Australia Recognizes Orphanage Trafficking As Modern-Day Slavery
By Sharelle Burt
Behind all the beautiful beaches and bouncy kangaroos, Australia has its share of issues. However, it looks like their government has finally stepped in to take care of at least one.
The country is the first to recognize orphanage trafficking as modern-day slavery. Under the Modern Slavery Bill that was passed earlier this week, businesses are required to report what they are doing in the efforts to stop slavery in supply chains. This is only a part to stop residents from participating in “voluntourism” schemes.
Reports say that 80 percent of kids that live in orphanages have at least one parent still alive and are only there to attract volunteers, for pictures and make them feel good about themselves. Over 57 percent of universities and institutions in Australia market orphanage placements while 14 percent of the schools actually visit, volunteer or fundraise for them. Going to visit a child in need is cool, but it actually does more harm than good in the end.
Linda Reynolds, a senator from Australia, said the high demand for these trips creates a huge problem in southeast Asia. She called it the “perfect 21st-century scam.” Foreign visitors get a sense of a “sugar rush” by taking these trips. Former Australian Foreign Minister Julie Bishop said that the children have “become tourist attractions,” a proper name because when visitors come, the children are forced to perform, almost like animals at the zoo.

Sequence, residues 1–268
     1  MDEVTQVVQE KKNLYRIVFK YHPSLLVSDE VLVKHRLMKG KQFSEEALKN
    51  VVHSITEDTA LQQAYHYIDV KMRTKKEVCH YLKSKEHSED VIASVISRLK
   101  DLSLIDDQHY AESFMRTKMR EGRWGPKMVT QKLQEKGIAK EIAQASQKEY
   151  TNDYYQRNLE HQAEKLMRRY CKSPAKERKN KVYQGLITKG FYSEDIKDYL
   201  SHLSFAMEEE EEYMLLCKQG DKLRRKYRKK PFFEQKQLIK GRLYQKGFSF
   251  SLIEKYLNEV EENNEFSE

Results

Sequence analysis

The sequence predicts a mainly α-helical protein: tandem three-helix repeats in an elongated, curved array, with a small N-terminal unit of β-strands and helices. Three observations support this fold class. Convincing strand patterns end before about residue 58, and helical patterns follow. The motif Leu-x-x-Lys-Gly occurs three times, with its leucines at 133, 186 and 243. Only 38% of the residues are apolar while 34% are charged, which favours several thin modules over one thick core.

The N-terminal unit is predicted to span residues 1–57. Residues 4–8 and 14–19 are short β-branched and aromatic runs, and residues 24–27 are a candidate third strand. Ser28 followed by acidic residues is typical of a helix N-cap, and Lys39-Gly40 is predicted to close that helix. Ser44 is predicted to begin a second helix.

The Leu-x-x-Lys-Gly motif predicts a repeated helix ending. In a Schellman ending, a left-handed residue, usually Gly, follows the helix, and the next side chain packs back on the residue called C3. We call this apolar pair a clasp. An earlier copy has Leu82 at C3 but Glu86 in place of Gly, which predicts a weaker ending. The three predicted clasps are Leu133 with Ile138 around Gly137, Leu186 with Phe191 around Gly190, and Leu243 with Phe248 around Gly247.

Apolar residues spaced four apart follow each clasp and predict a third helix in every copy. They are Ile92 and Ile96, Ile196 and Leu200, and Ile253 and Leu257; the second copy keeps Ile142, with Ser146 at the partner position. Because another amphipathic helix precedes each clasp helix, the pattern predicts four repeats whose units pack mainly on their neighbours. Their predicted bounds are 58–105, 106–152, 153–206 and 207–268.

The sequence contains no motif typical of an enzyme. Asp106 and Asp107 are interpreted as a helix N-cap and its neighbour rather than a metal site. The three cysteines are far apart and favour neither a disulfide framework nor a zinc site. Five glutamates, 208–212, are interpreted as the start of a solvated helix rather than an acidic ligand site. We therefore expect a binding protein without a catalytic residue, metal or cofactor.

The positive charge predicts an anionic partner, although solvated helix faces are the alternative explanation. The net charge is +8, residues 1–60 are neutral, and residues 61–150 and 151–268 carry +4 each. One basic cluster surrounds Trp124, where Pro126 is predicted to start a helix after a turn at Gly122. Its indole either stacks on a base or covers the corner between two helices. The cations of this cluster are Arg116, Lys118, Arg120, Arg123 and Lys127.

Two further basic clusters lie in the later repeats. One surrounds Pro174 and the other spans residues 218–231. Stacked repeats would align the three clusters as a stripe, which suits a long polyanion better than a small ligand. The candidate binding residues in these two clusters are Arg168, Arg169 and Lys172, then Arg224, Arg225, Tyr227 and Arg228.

Orphanages in countries like Nepal and Cambodia have kids that are handed over in hopes they can be provided with a better life. Orphanages are supposed to help children become better educated and get access to food. But the U.S. State Department says otherwise, claiming orphanages force the children to perform or interact with the donors to get funds.
Thankfully, numerous groups are campaigning to put an end to it and support the new bill. “Intrepid welcomes the Modern Slavery bill passing today,” CEO James Thornton said. “We removed any visits to orphanages from our Intrepid trips in 2016 and are pleased to see the Australian government legislate that this is a form of modern slavery.” Lumos is an anti-trafficking and voluntourism charity that is at the forefront of working to end this growing problem. “Australia’s legislation will help to take orphanage trafficking out of the shadows and put it in the spotlight on the global stage,” Lumos senior adviser Chloe Setter said. “We now need other countries to adopt similar measures and ensure their own anti-slavery legislation protects against this heinous type of child trafficking.
Setter is hoping that other countries follow in Australia’s footsteps to stop it. “We welcome this important first step from the Australian government to tackle orphanage trafficking, and we look forward to working with other countries to follow their lead.”